Prenup Agreement

Why You Don’t Need a High Net Worth to Have a Prenup in New York

Why You Don’t Need a High Net Worth to Have a Prenup in New York

Prenuptial agreements are no longer just for the wealthy.   A prenup makes sense for any couple entering a marriage to safeguard their assets and investments. You don’t need to have a high net worth to have a prenup in New York.

What is a Prenup and When Should You Get a Prenup?

You should get a prenup with your spouse before marriage or living together.  When you get engaged, that is the ideal time to consult a New York prenup attorney.

A prenuptial agreement is a legal contract that protects what each spouse was able to accumulate before getting married. It also prevents disputes over when the property was acquired.

The prenup can be an act of love rather than just a contract if done correctly. Another perspective is that a prenup is a way to show each other how you care and how you love one another, and is an opportunity, in a loving way, to discuss money, finances, assets, and debts and to decide together how you will each protect your family and assets in case one spouse passes away as well as how you will provide for one another in the event of a divorce.

The agreement should state what each person owns now, how assets and debts accumulated in the future will be split in the event of death or divorce, as well as how the couple will manage their finances while they are married. And, if there are children who are already a part of the family, the prenup can also address child custody.

Love is Worth the Risk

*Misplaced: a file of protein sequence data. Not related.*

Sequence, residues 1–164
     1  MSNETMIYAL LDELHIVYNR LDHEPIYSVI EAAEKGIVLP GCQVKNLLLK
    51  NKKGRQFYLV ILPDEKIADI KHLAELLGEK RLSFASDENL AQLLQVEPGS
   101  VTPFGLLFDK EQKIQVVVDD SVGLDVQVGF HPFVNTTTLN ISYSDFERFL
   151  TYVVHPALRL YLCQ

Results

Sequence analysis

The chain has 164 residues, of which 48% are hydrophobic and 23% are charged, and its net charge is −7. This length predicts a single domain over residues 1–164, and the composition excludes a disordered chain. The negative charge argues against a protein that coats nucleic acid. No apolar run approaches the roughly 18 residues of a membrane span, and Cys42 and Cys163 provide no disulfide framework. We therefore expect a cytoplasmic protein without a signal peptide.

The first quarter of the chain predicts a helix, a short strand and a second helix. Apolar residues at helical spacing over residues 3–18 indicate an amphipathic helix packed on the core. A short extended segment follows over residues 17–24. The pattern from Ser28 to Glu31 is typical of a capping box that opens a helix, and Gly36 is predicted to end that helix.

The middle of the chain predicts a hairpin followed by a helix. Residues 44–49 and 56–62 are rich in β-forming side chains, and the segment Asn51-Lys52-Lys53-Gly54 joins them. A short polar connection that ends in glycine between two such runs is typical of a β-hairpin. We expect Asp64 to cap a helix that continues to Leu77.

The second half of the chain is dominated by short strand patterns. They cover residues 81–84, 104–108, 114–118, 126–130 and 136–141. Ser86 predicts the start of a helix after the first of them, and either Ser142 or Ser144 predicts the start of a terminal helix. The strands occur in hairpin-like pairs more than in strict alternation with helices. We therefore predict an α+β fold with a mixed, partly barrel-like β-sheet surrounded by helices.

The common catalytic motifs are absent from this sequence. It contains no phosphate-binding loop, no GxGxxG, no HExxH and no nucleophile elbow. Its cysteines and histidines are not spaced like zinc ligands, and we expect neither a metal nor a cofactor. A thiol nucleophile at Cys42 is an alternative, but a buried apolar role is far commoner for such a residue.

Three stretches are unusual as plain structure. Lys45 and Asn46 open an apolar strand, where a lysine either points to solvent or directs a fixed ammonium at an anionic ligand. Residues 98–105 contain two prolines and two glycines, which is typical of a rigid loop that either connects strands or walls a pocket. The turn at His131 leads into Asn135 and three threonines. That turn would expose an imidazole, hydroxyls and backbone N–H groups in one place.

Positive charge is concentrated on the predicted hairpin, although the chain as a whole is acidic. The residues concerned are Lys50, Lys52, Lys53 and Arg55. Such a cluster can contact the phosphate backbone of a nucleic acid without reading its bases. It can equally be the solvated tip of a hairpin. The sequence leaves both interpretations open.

Marriage is more than just an agreed-upon contract. Marriage signifies love and devotion for your mate, which makes the relationship worth the risk. Protect your relationship with a prenuptial agreement.

How You Can Reduce the Risk of Divorce So You Never Have to Use Your Prenup

One of the main reasons that marriages fail in New York is due to the lack of communication. Talking openly about problems, as a couple, is important for a long-lasting marriage. It is also important to communicate your needs to your spouse because they are not a mind reader.

It is also essential to balance work life and home life.  If you are spending too much time on your career, and not enough time in your marriage, it can have a negative impact on your relationship.

Sign a Post-Nuptial Agreement if You Are Already Married

Even if you did not get a prenup prior to marriage, it is not too late to protect your assets.  Post-nuptial agreements are similar to prenuptial agreements, except they are signed during the marriage.  Couples sign them where there wasn’t enough time before the wedding, or when there are changes in financial circumstances such as if one spouse is entering into a new business partnership and they want to protect their business partners and their spouse from legal ramifications of the business, as well as to clearly define the marital and separate property.

Considering a Prenup Agreement?

Contact Sabra Law Group today at (646) 472-7971 to schedule a confidential consultation and get all your prenup questions answered. 

 

 

 

 

 

 

 

Can My Prenup be Invalidated in New York?

Did you and your spouse sign a prenuptial agreement? Maybe it’s been several years and you’re wondering, “Can a prenup be invalidated?”

Prenups once were the province of wealthy people, but today they can be used to protect families in any tax bracket. Accordingly, lawyers are being asked to draft these agreements more frequently.

Perhaps it's only natural that some of the people who enter into these agreements are wondering whether or not they can be invalidated in New York. Invalidating a prenup is possible if certain grounds exist.

Keep in mind that a prenuptial agreement is a written contract. This means that it can be challenged in court just like other contracts. Such challenges are only likely to be successful if certain conditions are met.